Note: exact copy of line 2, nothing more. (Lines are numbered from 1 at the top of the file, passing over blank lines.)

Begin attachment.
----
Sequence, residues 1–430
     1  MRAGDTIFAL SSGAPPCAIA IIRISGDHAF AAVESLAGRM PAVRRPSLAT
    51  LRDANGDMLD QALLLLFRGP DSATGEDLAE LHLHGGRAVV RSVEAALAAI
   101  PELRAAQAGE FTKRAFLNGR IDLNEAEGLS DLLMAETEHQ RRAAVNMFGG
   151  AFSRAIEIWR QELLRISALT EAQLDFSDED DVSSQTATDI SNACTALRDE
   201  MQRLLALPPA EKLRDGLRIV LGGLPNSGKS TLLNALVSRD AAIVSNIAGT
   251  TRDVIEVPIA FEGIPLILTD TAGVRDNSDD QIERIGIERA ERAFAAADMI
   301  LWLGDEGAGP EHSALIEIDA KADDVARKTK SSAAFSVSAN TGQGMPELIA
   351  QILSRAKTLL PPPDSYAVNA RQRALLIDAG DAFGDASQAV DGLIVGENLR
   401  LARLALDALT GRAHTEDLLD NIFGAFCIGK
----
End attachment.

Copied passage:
     1  MRAGDTIFAL SSGAPPCAIA IIRISGDHAF AAVESLAGRM PAVRRPSLAT